Check in.  Those two words don’t feel like they apply to us as college students very often. Mid-semester progress check ins, checking into a hotel, checking into an appointment. Most of the time, we don’t think to check in with ourselves. The semester feels like it flies by, and we never seem to have time to check in with ourselves.  

Checking in with yourself can sound like an intensive process. Do you need to sit down, meditate, light incense? How do we even check in with ourselves? Is it self-care, or self-sabotage?  

Checking in with yourself can start when you wake up in the morning. It can start by reminding yourself of your to-do list when you open your eyes in the morning and categorizing what you need to do versus what you want to do and prioritizing. But that’s just one of the many ways that we can check in with ourselves, now that the semester is picking up and midterms are approaching.  

Body Scans

Body scans are a great way to check in with yourself. If you’re into fitness and nutrition, it can feel really nice to take a short, meditative approach to how your body feels. Reminding yourself what your body feels like, what muscles are tense, where you’re carrying tension, and cataloguing a way to change that, if that’s something you enjoy doing. Moving your body is meant to be an enjoyable activity, so it’s important to know where you’re at and what ways are good for your body to move.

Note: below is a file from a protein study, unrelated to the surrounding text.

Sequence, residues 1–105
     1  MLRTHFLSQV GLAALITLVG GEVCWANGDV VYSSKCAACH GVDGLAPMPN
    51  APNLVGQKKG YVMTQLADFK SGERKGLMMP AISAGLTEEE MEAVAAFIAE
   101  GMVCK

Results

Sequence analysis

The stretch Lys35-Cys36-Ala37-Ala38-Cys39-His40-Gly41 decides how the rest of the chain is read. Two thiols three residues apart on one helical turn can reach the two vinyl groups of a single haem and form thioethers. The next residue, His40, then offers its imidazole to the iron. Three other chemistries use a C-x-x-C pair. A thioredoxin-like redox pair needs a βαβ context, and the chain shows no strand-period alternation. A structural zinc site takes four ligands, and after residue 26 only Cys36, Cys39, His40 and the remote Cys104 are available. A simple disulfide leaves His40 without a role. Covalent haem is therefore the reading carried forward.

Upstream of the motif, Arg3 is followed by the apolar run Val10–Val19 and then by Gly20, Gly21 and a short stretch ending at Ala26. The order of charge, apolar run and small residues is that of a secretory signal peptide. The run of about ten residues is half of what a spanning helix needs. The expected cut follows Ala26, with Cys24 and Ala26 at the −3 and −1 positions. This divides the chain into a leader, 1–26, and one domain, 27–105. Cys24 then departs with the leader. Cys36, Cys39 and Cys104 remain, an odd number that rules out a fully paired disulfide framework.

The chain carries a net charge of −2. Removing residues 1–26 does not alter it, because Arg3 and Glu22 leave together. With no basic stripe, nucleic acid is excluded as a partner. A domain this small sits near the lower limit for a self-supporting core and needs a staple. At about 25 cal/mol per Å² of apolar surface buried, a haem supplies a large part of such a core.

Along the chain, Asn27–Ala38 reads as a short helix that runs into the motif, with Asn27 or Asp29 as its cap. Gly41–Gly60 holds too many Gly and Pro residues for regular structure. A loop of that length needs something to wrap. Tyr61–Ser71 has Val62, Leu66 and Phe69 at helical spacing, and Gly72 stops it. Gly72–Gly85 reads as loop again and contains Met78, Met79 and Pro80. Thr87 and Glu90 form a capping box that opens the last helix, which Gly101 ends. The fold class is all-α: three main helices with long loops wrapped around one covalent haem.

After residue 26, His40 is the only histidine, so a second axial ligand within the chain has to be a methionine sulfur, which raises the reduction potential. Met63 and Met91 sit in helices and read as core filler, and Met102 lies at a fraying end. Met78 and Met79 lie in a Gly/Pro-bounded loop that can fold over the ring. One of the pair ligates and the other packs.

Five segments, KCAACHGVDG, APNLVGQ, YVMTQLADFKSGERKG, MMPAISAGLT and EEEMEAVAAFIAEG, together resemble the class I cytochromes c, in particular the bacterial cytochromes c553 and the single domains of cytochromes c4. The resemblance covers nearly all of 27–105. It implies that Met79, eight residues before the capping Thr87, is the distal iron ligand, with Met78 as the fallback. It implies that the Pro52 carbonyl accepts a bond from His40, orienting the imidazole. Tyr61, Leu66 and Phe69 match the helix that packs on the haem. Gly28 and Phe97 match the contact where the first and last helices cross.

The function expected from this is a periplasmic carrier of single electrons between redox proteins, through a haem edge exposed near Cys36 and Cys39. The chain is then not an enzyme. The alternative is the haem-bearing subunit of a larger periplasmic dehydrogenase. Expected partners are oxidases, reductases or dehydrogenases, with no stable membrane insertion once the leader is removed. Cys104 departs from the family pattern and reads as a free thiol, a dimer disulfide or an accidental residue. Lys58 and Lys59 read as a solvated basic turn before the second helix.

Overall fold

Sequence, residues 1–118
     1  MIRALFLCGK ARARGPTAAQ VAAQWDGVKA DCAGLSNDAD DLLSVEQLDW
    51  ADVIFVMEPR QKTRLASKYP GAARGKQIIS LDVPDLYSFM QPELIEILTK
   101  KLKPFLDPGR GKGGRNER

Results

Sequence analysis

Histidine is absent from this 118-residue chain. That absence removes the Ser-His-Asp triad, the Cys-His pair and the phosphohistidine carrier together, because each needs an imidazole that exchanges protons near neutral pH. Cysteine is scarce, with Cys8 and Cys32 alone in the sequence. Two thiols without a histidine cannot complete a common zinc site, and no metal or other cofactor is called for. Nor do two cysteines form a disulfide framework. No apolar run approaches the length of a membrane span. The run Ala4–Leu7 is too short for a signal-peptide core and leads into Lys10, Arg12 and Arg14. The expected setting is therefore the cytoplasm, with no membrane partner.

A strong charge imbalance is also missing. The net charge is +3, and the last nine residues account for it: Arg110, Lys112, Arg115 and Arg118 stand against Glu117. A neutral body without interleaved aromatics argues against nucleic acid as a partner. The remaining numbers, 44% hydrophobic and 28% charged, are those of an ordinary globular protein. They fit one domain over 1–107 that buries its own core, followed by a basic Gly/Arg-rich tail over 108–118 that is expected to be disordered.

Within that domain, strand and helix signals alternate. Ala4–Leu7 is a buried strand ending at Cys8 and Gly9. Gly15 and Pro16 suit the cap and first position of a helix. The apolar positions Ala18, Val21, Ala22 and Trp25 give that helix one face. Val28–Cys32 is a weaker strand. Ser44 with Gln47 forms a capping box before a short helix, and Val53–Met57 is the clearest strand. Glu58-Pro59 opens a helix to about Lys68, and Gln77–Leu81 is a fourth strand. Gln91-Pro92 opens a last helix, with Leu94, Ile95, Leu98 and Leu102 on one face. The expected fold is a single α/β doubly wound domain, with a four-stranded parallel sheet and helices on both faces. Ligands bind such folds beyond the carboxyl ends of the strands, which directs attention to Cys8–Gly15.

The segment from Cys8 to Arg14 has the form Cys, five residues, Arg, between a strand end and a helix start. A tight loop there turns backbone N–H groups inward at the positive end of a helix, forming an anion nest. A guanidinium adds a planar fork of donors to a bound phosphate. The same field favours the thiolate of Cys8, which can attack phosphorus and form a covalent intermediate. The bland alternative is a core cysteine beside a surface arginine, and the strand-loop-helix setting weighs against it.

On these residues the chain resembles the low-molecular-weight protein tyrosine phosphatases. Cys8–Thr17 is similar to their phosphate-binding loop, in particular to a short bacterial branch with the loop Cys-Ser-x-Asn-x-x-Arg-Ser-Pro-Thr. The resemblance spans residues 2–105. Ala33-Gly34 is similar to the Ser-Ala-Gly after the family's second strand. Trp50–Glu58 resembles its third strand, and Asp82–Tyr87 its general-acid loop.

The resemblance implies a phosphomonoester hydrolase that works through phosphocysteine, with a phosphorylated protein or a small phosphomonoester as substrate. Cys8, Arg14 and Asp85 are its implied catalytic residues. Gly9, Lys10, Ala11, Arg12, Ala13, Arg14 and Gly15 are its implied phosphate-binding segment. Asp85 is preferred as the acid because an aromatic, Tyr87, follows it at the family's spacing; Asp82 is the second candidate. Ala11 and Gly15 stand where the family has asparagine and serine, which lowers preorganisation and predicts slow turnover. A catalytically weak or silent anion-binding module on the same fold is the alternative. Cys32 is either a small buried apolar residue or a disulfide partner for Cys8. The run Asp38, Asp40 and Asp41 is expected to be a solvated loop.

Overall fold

Sanvello is a great way to check in with yourself. Taking a moment and answering questions about your mental health is an amazing way to check in, especially if your emotions feel like they’re out of your reach or control. I love Sanvello, because I have a hard time confronting what is stressing me out, or where I’m at most of the time. 


Self-care check ins are often overlooked when the semester gets hard. Taking a moment to do a yoga class, laundry or the dishes can all be ways that we check in with ourselves. Asking yourself how you’re doing mentally, while doing a routine activity, like your dishes, can combat that sneaking feeling of imposter syndrome that many students get, where if you’re not doing something, you’re not being productive and wasting time.  

Ultimately, however you go about it, it’s super important to check in. If we can’t sense what we’re going through, or what we need, tension and stress builds up, and makes it even harder to get motivated, get work done, and thrive this semester. Given the year we’ve all been having, anything we can do to thrive is a good thing.  

Written by Samantha Lyn Ryan ’21, College of Arts & Sciences, Barnes Center Peer Educator